National Bar Association Hosts A “Know Your Rights” Panel for Dealing with Police


Photo Credit / @twitter.com/Crewof42

The National Bar Association’s D.C chapter convened a recent forum urging African Americans to not only discuss recent police violence in Ferguson, Mo., New York, Los Angeles and elsewhere, but also to encourage residents to step up and make a change in their own neighborhoods.

The National Bar Association, in partnership with the Social Justice and Community Outreach Ministry of Shiloh Baptist Church, held a panel discussion entitled, “Know Your Rights (When Dealing with the Police)—Facilitating Awareness, Action, & Advocacy for Justice,” at Shiloh in Northwest D.C. on Aug. 23.

The panel consisted of professionals that have dealt with situations such as the Michael Brown incident, and those who have experienced incidents such as these personally.

The panelists included retired U.S. District Court for the District of Md. Judge Alexander Williams, Trial Attorney for the D.C. Office of the Attorney General Joel Braithwaite, Advancement Project Director Thena Robinson Mock, West Virginia University Law School Assoc. Prof. Arthur Rizer, and Assistant General Counsel for the NAACP Khyla Craine. Dionna Lewis, judicial law clerk for the D.C. Superior Court, moderated the event.

The panelists began by giving their thoughts on the recent incidents of police-involved violence.

“I think there is such a strong reaction to the Michael Brown incident because this is not the first time this has happened,” Craine told the crowd, referring to the shootings of Trayvon Martin and Jordan Davis.

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Protester in Ferguson, Missouri. (AP Photo)

The shooting death of Michael Brown upset many people on the panel and in the crowd.

“We need to get involved in our local communities to find solutions,” Craine said.  “Voting is a big way to get involved and make a difference.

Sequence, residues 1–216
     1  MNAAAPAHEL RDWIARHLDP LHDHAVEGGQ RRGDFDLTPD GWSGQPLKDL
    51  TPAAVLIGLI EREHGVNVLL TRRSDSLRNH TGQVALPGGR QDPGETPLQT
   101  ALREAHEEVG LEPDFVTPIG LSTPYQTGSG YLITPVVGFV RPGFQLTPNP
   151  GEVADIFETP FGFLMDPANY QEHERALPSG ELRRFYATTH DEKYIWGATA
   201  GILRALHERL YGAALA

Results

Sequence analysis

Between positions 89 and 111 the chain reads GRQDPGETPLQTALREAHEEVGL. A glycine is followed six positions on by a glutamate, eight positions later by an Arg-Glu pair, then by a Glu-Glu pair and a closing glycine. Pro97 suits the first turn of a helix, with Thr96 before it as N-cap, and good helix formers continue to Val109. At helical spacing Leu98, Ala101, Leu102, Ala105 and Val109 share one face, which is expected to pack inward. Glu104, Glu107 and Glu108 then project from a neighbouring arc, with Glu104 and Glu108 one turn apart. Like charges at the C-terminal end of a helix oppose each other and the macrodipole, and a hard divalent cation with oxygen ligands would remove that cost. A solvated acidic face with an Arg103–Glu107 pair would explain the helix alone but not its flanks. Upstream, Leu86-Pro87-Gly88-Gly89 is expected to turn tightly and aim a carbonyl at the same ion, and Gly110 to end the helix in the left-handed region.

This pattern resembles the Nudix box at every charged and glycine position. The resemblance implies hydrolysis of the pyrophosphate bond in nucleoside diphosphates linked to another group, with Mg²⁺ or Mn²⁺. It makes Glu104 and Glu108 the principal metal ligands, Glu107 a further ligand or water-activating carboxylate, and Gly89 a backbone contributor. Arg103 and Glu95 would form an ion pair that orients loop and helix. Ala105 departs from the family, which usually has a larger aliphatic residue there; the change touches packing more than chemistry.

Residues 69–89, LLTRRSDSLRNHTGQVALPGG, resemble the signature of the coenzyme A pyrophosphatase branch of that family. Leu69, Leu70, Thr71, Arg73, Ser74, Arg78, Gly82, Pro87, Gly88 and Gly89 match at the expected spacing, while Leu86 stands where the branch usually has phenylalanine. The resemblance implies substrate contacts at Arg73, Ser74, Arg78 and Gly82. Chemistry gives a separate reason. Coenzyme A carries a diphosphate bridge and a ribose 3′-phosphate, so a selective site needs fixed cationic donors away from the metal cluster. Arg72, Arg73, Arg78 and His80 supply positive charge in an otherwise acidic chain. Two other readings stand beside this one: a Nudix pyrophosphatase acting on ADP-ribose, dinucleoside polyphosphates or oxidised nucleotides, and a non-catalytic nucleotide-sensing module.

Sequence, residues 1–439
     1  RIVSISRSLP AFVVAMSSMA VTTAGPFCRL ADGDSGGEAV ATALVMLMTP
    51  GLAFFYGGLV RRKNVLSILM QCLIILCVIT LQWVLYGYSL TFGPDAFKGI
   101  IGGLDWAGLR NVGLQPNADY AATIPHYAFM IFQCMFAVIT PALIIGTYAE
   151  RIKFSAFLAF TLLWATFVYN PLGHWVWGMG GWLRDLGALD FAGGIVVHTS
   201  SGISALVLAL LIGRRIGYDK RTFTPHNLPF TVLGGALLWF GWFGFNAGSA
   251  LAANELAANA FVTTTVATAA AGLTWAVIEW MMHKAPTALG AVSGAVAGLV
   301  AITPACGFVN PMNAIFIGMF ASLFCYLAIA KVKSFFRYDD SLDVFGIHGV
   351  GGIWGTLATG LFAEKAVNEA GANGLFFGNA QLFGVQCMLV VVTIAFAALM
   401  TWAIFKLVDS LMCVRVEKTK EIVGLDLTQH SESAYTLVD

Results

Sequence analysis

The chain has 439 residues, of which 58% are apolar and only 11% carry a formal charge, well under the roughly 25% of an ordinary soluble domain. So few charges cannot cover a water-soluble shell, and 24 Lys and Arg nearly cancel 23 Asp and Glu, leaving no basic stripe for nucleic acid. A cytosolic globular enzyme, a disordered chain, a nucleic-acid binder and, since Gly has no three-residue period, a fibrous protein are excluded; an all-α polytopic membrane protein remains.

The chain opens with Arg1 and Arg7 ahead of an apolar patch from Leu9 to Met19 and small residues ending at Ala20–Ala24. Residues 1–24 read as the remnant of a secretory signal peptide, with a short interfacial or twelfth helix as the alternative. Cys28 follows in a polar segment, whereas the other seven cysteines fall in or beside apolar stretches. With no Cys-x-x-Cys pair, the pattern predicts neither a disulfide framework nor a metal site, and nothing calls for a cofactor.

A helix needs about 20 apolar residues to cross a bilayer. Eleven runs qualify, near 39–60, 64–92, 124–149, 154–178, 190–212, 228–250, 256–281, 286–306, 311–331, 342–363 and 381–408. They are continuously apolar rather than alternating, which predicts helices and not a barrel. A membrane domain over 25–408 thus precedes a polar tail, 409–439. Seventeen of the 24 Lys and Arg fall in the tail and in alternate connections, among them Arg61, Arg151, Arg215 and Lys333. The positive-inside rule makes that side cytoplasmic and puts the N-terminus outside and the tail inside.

Rizer, the only White representative on the panel, said he knows that he “can’t relate to a lot of the feelings and emotions that African Americans are going through.”

“I think it’s a matter of trust,” Rizer told the audience.  “People don’t trust the police anymore.”

Braithwaite said, “While we’re talking about Ferguson, this is a national issue.”

“Racial profiling is a real problem in this country and always has been,” Williams added.

The panelists also gave advice on how to deal with the police.

“I think the way we hire police officers today is insane,” Williams said.  “I had a friend that tried to be a police officer but was denied because his I.Q. was too high. I had another that was rejected, because he took a personality test that said he wasn’t aggressive enough.”

Williams said he believes many of the young Black males who were killed by police were profiled.

“Tinted cars, playing loud music that may be offensive to officers, sagging pants all attract officers,” Williams said, with a disgusted look on his face.

The panelists dispensed advice about what to do when stopped by law enforcement, either in your car or while walking.  That advice included asking for a lawyer immediately, staying calm, carrying your I.D. at all times, keeping your hands where officers can see them, taking photos if you are injured and remembering the officer’s name and badge number. They also told the crowd what not to do, including not running, not touching the officer, and remaining silent if necessary.

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